“We watched Tim [Wakefield] come in here and kick our butts with a 68-mph knuckleball,” Dickey recalled being told. “We want one of those guys. You’re the closest we have to that. Go be that guy.”

Dickey had to change the mechanics that made him a major leaguer, and he spent hours on minor league bus rides with little to do but think about who he was and where he was headed. Doubt lingered with him from his very first start as a knuckleballer, when he was clubbed for 14 hits and 12 runs.

It took Dickey five years to feel comfortable with the pitch, but in 2012 he led the National League in strikeouts for the New York Mets and won the Cy Young.

“It will be sad when it’s a lost thing,” said Dickey, who retired after the 2017 season, another cause of the massive drop in knuckleballs thrown in baseball since then. “It’s a great piece of curiosity that keeps people engaged rather than just seeing another right-hander that throws 92. Throughout, I felt this tugging on my heart: ‘I want to succeed because I know what it takes and how hard it is.’ ”

Hope for survival

But this also is how the knuckleball, however threatened or disrespected, has hung on: Through patient, staunch pitchers such as Dickey, Wakefield and Feierabend, on the brink of quitting but determined to revive their careers. And perhaps that is the craft’s path to survival.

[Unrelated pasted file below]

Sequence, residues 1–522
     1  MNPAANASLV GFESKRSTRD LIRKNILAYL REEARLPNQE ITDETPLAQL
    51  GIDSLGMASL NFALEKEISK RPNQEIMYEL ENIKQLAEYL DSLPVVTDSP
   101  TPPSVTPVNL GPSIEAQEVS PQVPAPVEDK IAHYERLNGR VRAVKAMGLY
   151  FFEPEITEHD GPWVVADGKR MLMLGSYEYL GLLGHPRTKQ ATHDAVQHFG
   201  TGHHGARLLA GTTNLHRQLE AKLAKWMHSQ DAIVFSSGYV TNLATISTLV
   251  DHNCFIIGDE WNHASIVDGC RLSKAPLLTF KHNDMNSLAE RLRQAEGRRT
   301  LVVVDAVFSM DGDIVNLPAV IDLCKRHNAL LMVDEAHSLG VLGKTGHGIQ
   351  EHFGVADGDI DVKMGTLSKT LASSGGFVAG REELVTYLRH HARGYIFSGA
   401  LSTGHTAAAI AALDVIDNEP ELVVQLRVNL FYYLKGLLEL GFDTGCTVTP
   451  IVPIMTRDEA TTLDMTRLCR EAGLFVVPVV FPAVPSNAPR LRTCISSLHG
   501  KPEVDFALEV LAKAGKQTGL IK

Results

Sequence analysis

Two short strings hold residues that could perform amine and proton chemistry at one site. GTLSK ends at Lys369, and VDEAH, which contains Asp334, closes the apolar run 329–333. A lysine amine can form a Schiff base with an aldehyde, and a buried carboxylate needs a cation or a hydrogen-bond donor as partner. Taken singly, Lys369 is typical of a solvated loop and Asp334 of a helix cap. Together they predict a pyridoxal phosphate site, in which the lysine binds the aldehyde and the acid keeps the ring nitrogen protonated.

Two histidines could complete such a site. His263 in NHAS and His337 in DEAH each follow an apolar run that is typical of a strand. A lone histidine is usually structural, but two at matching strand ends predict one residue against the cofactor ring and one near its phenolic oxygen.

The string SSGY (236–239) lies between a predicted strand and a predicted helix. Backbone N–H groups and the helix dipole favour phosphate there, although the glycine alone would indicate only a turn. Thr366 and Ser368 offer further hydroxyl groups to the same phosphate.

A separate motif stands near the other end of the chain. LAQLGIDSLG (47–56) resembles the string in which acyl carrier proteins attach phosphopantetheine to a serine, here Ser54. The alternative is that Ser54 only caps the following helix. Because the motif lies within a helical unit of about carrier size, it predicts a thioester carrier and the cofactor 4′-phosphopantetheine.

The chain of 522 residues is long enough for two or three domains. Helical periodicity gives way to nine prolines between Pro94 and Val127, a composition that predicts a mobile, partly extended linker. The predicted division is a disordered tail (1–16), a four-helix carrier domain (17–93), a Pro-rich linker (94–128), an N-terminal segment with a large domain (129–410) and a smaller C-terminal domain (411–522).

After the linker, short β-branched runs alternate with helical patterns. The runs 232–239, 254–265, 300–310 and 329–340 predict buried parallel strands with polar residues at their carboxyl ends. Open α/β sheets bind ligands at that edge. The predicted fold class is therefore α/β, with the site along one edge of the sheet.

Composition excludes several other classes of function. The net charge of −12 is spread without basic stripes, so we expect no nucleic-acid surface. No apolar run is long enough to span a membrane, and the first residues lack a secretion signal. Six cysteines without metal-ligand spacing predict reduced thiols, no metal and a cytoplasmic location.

While Wakefield acknowledged the unlikelihood of a knuckleball renaissance, he said: “I don’t think it’ll ever disappear. It’s a very valuable weapon. The pitcher himself becomes very versatile for the club. You can start, relieve, pitch on short days’ rest, multiple days in a row. Things like that create a dynamic for a ballclub.”

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Wakefield said there always will be career hiccups, guys whose promising trajectories came to a screeching halt, leaving them with the choice of quitting the game or trying the knuckleball. He would know.

“I always say, ‘I wish there were more people throwing it,’ ” Wakefield said. “Just have fun. The whole point is getting an out. I used to love the phone call [to the bullpen] that I was coming in after someone throwing 95. It’s a complete change of pace, and I have movement.”

But with fewer clubs appearing open to the idea of letting a player test out an unorthodox pitch for years in the minors, there is no guarantee the experiment will work.

“There’s no entry point outside of failing,” Dickey said. “The hopeful part of my heart says it’s the natural ebb and flow of the pitch. The realistic part of my heart feels more and more front offices are not so inclined to give that type of pitch a chance over a guy who throws hard.”